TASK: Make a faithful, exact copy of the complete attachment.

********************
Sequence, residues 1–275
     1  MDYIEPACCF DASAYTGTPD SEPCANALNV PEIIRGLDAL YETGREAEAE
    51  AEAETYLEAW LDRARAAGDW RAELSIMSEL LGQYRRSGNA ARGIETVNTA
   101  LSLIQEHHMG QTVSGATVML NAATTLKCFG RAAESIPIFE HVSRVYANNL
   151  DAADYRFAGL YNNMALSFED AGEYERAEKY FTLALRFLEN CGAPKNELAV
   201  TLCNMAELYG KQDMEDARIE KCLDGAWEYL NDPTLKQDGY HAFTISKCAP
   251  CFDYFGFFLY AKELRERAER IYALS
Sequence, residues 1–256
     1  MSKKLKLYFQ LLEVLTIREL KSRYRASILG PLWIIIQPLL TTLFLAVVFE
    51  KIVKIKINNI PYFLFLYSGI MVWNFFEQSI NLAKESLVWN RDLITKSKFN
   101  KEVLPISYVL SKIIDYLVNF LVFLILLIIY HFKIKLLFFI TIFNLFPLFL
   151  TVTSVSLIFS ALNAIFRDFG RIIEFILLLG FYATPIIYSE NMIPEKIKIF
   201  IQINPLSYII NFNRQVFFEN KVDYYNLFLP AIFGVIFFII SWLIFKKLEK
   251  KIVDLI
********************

Sequence, residues 1–275
     1  MDYIEPACCF DASAYTGTPD SEPCANALNV PEIIRGLDAL YETGREAEAE
    51  AEAETYLEAW LDRARAAGDW RAELSIMSEL LGQYRRSGNA ARGIETVNTA
   101  LSLIQEHHMG QTVSGATVML NAATTLKCFG RAAESIPIFE HVSRVYANNL
   151  DAADYRFAGL YNNMALSFED AGEYERAEKY FTLALRFLEN CGAPKNELAV
   201  TLCNMAELYG KQDMEDARIE KCLDGAWEYL NDPTLKQDGY HAFTISKCAP
   251  CFDYFGFFLY AKELRERAER IYALS
Sequence, residues 1–256
     1  MSKKLKLYFQ LLEVLTIREL KSRYRASILG PLWIIIQPLL TTLFLAVVFE
    51  KIVKIKINNI PYFLFLYSGI MVWNFFEQSI NLAKESLVWN RDLITKSKFN
   101  KEVLPISYVL SKIIDYLVNF LVFLILLIIY HFKIKLLFFI TIFNLFPLFL
   151  TVTSVSLIFS ALNAIFRDFG RIIEFILLLG FYATPIIYSE NMIPEKIKIF
   201  IQINPLSYII NFNRQVFFEN KVDYYNLFLP AIFGVIFFII SWLIFKKLEK
   251  KIVDLI